Hungarian notation is an identifier naming convention in which the name of a variable or function is prefixed by its type or intended use. For example:

• lAccountNum: l says the variable is a long integer.
• szName: sz says the name is a zero-terminated string.

But today, many people are against its use. Why?

## History

Let’s look back in history. Hungarian notation found its first major use with the BCPL programming language, which has a backronym Before C Programming Language. From that it’s easy to see this is an ancient language. Yes, it is an ancient language designed in 1966 and it is a typeless language where everything is a word. In that situation, Hungarian notation can help with naked-eye type-checking.

However, many years have passed since then…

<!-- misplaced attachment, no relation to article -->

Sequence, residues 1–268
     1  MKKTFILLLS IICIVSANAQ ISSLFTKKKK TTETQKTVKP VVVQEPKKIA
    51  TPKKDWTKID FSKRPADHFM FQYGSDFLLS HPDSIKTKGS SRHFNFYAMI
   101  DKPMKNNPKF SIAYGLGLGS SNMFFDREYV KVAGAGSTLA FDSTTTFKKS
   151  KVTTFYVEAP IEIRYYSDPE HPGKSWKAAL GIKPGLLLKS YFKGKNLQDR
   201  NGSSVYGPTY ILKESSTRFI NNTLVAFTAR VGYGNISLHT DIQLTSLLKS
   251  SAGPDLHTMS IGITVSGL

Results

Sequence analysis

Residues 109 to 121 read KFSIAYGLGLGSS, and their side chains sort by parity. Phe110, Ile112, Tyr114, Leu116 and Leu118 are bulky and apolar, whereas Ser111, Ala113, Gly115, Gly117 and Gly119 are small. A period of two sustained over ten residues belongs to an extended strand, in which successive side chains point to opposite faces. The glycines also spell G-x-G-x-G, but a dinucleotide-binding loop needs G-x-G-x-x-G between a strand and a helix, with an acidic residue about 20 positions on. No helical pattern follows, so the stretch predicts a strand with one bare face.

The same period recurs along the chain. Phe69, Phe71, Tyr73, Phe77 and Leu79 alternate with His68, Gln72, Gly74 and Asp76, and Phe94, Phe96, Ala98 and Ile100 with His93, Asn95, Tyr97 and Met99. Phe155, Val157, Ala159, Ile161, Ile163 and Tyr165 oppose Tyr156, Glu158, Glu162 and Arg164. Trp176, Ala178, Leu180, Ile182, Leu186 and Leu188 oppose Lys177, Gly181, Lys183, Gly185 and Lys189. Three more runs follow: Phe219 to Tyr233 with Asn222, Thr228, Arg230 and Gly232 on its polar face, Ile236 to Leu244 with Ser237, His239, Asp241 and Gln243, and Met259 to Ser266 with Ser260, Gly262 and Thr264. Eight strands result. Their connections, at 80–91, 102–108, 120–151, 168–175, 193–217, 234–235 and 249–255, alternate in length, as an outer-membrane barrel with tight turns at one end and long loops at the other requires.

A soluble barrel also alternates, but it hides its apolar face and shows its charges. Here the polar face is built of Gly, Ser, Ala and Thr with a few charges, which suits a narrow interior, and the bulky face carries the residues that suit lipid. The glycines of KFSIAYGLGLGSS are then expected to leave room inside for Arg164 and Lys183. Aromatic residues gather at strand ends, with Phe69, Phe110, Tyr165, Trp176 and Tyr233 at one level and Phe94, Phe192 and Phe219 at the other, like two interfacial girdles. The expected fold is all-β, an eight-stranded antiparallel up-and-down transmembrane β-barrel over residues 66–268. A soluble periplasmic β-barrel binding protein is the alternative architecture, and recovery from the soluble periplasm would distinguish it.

And here’s what the latest Linux kernel documentation (as of 2016) says:

Encoding the type of a function into the name (so-called Hungarian notation) is brain damaged - the compiler knows the types anyway and can check those, and it only confuses the programmer.

Now it’s obvious why its use is discouraged now.

## Two Types of Hungarian Notation

However, we should note that there are actually two types of Hungarian notation:

• Systems Hungarian notation: The prefix encodes physical data type.

• Apps Hungarian notation: The prefix encodes logical data type.

Because of compiler technology advancement, systems Hungarian notation is no longer recommended due to type-checking redundancy. But today’s compilers still cannot check logical data types (semantics) very well. Therefore, using apps Hungarian notation may still be helpful depending on the situation. As a rule of thumb, Hungarian notation is good if and only if it describes semantics that are not available otherwise.